All About Jazz

Home » Search Center » Results: Tubby Hayes

Results for "Tubby Hayes"

Advanced search options

MUSICIAN Born:

Tubby Hayes

Tubby (Edward Brian) Hayes was one of Britain's finest tenor sax players, Jazz musicians and composers. He co-led the successful Jazz Couriers with Ronnie Scott from 1957 to 1959. He led several distinguished quartets and was the first British contemporary to appear at regular intervals in the USA. One of his most distinguished quartets came in the late 1950's, a group which included Terry Shannon, Jeff Clyne, Phil Seaman or Bill Eyden. Another in the 1960's included Ron Mathewson, Tony Levin and Mike Pyne. Hayes who was arguably the most prodigiously talented jazz multi-instrumentalist the British Isles has ever produced

Jazz & Film: An Alternative Top 20 Soundtrack Albums

Read "Jazz & Film: An Alternative Top 20 Soundtrack Albums" reviewed by Chris May

Jazz and the movies have a shared history stretching back almost a hundred years. The relationship came into its own in the US in the mid twentieth century. Elia Kazan's 1950 movie Panic In The Streets is an early example of how film makers used jazz-based soundtracks to enhance drama and atmosphere and create ambiances of ...

Prestige Records: An Alternative Top 20 Albums

Read "Prestige Records: An Alternative Top 20 Albums" reviewed by Chris May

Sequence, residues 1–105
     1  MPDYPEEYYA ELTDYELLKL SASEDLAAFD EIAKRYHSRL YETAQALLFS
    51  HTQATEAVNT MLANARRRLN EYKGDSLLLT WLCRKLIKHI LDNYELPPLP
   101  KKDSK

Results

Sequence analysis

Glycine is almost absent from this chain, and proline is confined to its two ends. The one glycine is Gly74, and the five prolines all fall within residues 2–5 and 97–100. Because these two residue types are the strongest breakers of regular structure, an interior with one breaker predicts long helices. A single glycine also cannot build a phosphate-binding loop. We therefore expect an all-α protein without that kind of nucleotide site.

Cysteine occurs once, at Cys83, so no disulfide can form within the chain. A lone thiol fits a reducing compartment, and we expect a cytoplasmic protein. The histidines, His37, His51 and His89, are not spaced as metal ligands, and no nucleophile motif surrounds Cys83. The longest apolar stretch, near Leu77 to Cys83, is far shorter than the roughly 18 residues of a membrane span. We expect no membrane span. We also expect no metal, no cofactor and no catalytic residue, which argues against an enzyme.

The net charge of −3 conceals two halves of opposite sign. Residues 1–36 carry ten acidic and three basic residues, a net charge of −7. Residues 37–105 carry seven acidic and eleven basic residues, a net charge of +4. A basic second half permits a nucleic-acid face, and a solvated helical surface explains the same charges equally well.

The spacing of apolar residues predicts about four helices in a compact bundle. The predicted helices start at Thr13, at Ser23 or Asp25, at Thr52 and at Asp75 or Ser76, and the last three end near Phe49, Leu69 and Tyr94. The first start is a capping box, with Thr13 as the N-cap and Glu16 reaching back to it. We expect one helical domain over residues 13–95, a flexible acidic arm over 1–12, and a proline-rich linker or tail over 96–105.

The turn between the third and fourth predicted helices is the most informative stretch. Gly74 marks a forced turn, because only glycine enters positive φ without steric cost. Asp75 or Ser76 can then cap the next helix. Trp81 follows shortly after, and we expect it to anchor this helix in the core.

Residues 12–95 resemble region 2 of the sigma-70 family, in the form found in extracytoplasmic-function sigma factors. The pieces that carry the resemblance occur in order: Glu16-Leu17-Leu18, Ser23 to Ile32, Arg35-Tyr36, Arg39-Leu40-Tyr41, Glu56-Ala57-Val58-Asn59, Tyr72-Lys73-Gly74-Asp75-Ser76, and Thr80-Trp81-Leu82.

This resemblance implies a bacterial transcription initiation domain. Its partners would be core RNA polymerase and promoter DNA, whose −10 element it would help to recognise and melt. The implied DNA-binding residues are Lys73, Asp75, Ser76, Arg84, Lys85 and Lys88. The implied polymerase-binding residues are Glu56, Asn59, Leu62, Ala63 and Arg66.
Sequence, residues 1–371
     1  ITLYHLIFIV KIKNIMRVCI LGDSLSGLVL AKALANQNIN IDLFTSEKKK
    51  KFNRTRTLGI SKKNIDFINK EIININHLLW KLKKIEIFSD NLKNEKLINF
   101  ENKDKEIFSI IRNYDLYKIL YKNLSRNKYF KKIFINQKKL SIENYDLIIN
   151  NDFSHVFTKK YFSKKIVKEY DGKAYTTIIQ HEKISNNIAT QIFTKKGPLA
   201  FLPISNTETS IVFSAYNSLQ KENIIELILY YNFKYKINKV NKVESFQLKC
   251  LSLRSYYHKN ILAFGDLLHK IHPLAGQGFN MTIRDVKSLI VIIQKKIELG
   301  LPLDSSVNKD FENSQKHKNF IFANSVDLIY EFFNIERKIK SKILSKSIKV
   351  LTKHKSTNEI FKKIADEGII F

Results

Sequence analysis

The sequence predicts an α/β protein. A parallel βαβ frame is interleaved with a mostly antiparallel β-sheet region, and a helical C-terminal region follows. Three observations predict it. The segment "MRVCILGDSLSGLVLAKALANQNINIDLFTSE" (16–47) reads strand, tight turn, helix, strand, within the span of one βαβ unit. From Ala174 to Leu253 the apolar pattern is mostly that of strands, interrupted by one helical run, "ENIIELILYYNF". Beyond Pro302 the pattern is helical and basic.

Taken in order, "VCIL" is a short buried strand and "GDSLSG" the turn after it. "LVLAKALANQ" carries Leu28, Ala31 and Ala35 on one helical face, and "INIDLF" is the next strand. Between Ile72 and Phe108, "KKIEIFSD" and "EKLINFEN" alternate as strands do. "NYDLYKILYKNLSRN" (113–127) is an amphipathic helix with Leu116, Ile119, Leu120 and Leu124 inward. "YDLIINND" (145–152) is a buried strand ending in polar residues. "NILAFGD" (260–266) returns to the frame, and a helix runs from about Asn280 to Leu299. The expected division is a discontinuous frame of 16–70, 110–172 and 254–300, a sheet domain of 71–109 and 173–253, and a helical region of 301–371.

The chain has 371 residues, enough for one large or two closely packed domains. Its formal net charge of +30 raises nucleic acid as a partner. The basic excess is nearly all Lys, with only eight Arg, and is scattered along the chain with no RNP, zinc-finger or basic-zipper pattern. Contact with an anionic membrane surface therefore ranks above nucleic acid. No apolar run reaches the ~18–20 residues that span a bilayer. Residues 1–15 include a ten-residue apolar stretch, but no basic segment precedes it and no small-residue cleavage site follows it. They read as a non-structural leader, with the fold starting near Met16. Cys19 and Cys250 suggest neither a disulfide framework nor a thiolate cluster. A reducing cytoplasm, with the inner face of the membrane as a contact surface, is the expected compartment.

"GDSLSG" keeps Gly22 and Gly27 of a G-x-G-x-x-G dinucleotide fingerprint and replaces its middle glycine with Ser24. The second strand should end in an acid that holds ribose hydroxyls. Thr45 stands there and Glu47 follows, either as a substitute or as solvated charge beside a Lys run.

Along with Alfred Lion's Blue Note and Orrin Keepnews' Riverside, Bob Weinstock's Prestige was at the top table of independent New York City-based jazz labels from the early 1950s until the mid 1960s. Like those other two labels, Prestige built up a profuse catalogue packed with enduring treasures. Originally a record retailer, Weinstock ...

Riverside Records: An Alternative Top Ten

Read "Riverside Records: An Alternative Top Ten" reviewed by Chris May

From 1953, when it was set up, to 1964, when it was acquired by ABC, Riverside Records rivalled Blue Note and Prestige as one of the leading independent jazz labels based in New York City. The founders of all three labels were jazz fans who operated on slim margins and became producers partly because they enjoyed ...

ARTICLE: ALBUM REVIEW

Ed "Tenderlonious" Cawthorne: The Piccolo: Tender Plays Tubby

Read "The Piccolo: Tender Plays Tubby" reviewed by Chris May

Saxophonist, flautist and vibraphonist Tubby Hayes, who died at the unconscionably young age of 38 in 1973, was that rare thing among the first generation of British hard boppers—a musician who was taken seriously by the hippest American musicians and audiences. He visited New York in 1961 and 1964 for seasons at the Half Note, and ...

ARTICLE: THE JAZZ LIFE

To Dream the Impossible Dream: the quest for a music education

Read "To Dream the Impossible Dream: the quest for a music education" reviewed by Peter Rubie

I've been thinking a lot about how jazz is taught recently. I realize now, my search for a real musical education was not a simple thing, but a series of life changing moments. My son, on the other hand, is planning to study music in college after he finishes high school. Though it would fill his ...

ARTICLE: RADIO

January Birthday Salutes

Read "January Birthday Salutes" reviewed by Marc Cohn

Our January Birthdays show is always dedicated to our mentor, WRVR broadcasting hero Ed Beach, born on January 16, 1923; we play his two show themes by Wes Montgomery. We celebrate the Herbie Nichols centennial with his very first recordings for Savoy. Our very special birthday greetings go out to living legends, Benny Golson and Jimmy ...